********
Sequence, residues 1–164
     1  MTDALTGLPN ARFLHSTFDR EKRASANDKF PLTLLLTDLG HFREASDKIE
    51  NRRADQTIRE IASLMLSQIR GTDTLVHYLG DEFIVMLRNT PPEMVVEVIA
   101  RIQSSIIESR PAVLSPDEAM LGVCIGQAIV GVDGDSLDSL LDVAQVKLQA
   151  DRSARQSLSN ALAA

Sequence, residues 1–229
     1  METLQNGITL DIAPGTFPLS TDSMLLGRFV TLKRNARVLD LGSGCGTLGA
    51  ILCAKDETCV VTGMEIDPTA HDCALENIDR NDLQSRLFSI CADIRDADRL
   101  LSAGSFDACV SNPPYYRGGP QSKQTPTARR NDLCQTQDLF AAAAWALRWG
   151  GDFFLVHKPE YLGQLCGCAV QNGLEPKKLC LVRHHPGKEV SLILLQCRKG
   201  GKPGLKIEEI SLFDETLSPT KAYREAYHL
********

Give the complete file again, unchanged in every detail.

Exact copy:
Sequence, residues 1–164
     1  MTDALTGLPN ARFLHSTFDR EKRASANDKF PLTLLLTDLG HFREASDKIE
    51  NRRADQTIRE IASLMLSQIR GTDTLVHYLG DEFIVMLRNT PPEMVVEVIA
   101  RIQSSIIESR PAVLSPDEAM LGVCIGQAIV GVDGDSLDSL LDVAQVKLQA
   151  DRSARQSLSN ALAA

Sequence, residues 1–229
     1  METLQNGITL DIAPGTFPLS TDSMLLGRFV TLKRNARVLD LGSGCGTLGA
    51  ILCAKDETCV VTGMEIDPTA HDCALENIDR NDLQSRLFSI CADIRDADRL
   101  LSAGSFDACV SNPPYYRGGP QSKQTPTARR NDLCQTQDLF AAAAWALRWG
   151  GDFFLVHKPE YLGQLCGCAV QNGLEPKKLC LVRHHPGKEV SLILLQCRKG
   201  GKPGLKIEEI SLFDETLSPT KAYREAYHL